Photo of Mary Kennedy laughing

Written by Karen Lauritsen on November 19, 2013

Mary Kennedy, former First Lady of Cal Poly

Mary Kennedy, a beloved presence on the Cal Poly campus for nearly four decades, passed away at the age of 97 on October 3, 2013. She played a significant role at Cal Poly; as President Emeritus Robert E. Kennedy liked to say, he “never made a decision without consulting Mary.”

Mary was married to Robert Kennedy for 72 years at the time of his death in 2010, and they had four children together. President Emeritus Kennedy was Cal Poly’s seventh president from 1967 until 1979. In all, he served the university almost 40 years, leaving a lasting legacy.

Legendary concern for students

The Kennedys were known for opening their home to Cal Poly students and faculty.

“Mary Kennedy loved Cal Poly, and by all accounts, everyone who had the good fortune to know her loved her right back,” said Cal Poly President Jeffrey D. Armstrong. “Her concern for students is legendary. There is so much to admire about Mary’s professional accomplishments, but I especially admire the way she remained connected to students throughout her life.”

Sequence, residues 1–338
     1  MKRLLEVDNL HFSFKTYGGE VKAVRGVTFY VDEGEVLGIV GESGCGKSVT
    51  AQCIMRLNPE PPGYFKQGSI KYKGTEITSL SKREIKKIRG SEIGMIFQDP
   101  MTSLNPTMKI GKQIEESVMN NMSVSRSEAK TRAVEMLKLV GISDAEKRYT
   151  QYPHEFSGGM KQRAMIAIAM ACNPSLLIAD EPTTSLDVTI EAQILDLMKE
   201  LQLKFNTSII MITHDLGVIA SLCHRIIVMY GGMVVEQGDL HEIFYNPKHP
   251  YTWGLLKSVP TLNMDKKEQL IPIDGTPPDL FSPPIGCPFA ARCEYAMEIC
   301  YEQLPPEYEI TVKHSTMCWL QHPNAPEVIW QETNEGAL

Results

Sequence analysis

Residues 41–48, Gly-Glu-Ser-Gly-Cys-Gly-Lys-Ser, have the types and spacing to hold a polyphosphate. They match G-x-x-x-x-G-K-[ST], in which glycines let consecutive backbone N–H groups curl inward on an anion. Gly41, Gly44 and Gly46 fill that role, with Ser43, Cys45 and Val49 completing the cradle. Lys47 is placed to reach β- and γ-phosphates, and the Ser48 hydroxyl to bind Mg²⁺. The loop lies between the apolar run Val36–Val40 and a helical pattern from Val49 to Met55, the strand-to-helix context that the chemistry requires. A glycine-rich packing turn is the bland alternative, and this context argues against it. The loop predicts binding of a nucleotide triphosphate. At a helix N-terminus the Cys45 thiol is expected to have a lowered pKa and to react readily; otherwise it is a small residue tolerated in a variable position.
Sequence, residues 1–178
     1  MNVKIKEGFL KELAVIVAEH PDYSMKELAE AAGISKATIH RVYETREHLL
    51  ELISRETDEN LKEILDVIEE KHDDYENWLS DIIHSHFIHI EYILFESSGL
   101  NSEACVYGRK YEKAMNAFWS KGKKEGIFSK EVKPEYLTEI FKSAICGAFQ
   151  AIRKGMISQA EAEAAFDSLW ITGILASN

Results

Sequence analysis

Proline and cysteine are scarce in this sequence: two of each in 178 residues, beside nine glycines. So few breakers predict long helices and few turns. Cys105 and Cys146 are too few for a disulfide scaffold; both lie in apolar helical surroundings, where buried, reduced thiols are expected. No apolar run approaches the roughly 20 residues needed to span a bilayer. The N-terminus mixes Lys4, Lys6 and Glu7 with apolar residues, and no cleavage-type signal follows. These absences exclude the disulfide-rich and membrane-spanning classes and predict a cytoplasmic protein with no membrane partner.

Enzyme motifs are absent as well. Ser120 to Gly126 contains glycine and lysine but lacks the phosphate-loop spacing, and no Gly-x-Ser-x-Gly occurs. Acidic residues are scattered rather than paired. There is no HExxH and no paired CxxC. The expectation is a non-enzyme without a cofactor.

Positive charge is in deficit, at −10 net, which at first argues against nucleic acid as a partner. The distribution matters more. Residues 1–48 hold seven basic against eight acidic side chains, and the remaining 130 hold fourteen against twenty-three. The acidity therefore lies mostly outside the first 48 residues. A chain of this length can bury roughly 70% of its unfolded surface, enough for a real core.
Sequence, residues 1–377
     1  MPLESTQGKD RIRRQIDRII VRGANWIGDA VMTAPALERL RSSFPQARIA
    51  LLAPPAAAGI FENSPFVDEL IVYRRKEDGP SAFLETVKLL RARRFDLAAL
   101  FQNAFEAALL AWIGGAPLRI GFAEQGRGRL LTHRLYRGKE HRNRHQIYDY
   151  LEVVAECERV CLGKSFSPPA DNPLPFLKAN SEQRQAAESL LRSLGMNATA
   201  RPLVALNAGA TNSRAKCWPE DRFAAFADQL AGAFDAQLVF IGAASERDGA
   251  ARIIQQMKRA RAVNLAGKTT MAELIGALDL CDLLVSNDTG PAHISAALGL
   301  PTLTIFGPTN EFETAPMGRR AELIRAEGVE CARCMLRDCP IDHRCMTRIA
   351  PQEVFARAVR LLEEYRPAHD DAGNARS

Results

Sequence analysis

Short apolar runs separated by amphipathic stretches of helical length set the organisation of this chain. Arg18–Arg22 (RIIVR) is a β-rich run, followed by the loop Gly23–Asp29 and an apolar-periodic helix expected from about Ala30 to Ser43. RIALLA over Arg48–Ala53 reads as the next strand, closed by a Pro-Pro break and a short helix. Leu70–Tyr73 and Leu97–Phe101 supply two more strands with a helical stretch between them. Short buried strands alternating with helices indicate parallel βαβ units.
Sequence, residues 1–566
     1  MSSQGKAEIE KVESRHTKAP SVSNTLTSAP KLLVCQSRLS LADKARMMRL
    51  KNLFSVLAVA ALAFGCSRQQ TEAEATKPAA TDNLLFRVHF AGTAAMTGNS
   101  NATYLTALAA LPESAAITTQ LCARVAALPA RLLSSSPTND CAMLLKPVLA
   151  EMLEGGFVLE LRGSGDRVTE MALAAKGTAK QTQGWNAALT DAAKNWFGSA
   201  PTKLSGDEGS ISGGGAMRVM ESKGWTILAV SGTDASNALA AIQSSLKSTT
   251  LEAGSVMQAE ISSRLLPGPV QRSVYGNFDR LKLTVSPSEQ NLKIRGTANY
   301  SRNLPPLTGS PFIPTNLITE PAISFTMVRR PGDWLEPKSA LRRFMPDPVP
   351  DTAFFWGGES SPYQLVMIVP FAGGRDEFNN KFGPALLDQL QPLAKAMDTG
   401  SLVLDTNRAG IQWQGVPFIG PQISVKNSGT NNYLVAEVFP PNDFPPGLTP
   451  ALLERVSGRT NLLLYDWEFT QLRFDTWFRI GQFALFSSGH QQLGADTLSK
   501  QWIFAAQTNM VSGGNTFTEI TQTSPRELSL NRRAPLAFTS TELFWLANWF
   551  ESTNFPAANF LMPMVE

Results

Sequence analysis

Photo of Robert_and_Mary_Kennedy

Robert and Mary Kennedy. Photo: Archives

Keeping the connection

After President Emeritus Kennedy’s retirement, Mary and Robert supported Special Collections and Archives at Kennedy Library. “A great library is essential to a higher education institution,” President Emeritus Kennedy said. “The library is like the kitchen in a home. It’s the hub of the house; it’s where you get fed.”

Reliable advisor

Mary Kennedy was a poet and an active member of the Cal Poly Women’s Club. She stressed the club’s role in promoting students’ welfare and being of service to the university.

“Mary Kennedy was one of the most gracious, caring people you could ever hope to meet. She cared deeply about our students and about all aspects of Cal Poly,” said President Emeritus Warren J. Baker.

“For good reason, she was one of President Kennedy’s most reliable advisers,” Baker said. “And not many people know how helpful she was behind the scenes in building relations with important off-campus supporters. I can’t tell you how many times donors and legislators would ask me to convey their regards to Mary.”

Mary was also very interested in architecture, and played a key role in the redesign of her house and garden, which integrated Japanese architectural influences and involved Cal Poly architecture students.

Read more about Mary Kennedy and the Kennedy’s legacy on our website.

A celebration of Mary Kennedy’s life is planned for 1 p.m. Saturday, Nov. 23, at the San Luis Obispo United Methodist Church, 1515 Fredericks St. in San Luis Obispo.

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